At the general election of 1698 Sir Jonathan Trelawny, 3rd Bt., bishop of Exeter and recorder under the 1685 charter, recommended Darell and Bridges, who were opposed by John Buller II of Morval whose family had founded the local charity school and by a Mr Bertie, probably Hon. Philip*, the auditor of the duchy of Cornwall. The bishop’s two brothers, Major-General Charles Trelawny* and Brigadier Henry Trelawny*, campaigned vigorously and Buller’s party alleged that free liquor was offered in the local inns to all freemen who drank the health of Darell and Bridges, while freemen who supported Buller were threatened with having soldiers quartered on them by Brigadier Trelawny. Buller’s supporters put out that Bridges ‘was for a standing army’, although the Trelawnys disputed this. The mayoralty being in dispute between Dennis and Pyper, the existing mayor under the 1685 charter, Richard Roberts, held the poll ‘to do a job’. At the request of Brigadier Trelawny, Roberts adjourned the poll and after conferring with ‘the Parliament men’ present, the two Trelawnys and John Hoblyn*, he rejected some of Buller’s voters as paupers and returned Bridges and Darell. Buller took counsel from Nicholas Hooper* and John Pratt* about the next step. Hooper’s advice was:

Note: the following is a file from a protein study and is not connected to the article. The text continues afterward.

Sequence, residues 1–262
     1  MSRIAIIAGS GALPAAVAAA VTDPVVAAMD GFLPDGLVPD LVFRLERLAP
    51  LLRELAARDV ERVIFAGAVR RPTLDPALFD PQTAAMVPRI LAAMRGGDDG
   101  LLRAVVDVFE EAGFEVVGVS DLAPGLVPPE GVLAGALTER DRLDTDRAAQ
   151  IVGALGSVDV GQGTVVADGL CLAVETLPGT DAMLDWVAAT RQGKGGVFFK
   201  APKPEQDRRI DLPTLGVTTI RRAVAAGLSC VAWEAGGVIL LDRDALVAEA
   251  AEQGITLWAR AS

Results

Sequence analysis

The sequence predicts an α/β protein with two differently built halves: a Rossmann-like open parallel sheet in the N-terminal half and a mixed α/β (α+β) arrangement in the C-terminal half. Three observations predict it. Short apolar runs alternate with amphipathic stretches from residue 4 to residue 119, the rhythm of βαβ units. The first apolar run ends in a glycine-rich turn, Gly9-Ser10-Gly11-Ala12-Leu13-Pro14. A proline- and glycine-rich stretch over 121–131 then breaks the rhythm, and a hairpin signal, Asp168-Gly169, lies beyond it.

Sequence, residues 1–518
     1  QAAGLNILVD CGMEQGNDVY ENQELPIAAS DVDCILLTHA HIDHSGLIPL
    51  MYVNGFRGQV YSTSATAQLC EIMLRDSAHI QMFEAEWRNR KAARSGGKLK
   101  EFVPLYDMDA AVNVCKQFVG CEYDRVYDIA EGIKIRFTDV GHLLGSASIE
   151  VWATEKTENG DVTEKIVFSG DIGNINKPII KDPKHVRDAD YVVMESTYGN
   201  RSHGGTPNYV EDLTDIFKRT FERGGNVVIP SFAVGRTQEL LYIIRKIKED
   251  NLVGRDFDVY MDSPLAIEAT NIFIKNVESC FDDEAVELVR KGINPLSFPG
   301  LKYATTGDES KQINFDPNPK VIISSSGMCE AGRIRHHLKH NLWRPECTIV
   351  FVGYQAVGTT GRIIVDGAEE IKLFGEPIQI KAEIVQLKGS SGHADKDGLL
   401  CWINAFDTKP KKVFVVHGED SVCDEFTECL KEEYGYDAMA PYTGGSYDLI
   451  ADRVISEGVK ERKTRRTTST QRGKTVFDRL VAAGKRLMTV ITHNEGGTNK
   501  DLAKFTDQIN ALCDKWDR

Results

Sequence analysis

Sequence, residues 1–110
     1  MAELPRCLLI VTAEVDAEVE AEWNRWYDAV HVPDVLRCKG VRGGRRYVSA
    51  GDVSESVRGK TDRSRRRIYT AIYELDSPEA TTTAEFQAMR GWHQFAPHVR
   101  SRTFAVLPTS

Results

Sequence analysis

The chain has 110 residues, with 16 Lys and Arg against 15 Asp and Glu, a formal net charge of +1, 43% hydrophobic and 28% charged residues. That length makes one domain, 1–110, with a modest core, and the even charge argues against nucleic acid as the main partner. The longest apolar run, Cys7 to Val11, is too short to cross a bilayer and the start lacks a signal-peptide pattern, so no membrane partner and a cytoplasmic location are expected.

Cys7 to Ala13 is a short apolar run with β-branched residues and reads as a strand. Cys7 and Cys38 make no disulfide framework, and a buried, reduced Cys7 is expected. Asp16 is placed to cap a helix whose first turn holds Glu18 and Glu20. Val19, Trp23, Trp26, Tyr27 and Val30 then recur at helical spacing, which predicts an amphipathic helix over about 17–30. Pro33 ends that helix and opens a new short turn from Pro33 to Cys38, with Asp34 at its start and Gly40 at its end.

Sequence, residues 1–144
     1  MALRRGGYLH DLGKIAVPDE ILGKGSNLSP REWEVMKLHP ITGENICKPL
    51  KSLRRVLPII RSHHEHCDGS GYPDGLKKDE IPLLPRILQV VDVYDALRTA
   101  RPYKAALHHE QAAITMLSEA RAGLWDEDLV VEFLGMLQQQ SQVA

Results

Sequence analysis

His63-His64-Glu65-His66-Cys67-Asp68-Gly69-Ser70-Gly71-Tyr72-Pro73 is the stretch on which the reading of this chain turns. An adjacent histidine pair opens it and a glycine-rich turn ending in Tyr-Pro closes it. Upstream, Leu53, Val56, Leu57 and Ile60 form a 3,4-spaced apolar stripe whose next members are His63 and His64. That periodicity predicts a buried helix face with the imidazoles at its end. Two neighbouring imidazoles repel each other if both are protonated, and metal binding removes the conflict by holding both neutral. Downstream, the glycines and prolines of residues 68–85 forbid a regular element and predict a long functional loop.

I think if a petition be preferred to the committee of elections no proceedings can be had at law until the event of such petition be known and if it be determined against Mr Buller the House will never permit it to be afterwards tried at law, therefore unless your case be very clear, it will not be best to petition at all, but to begin at law and take the case there.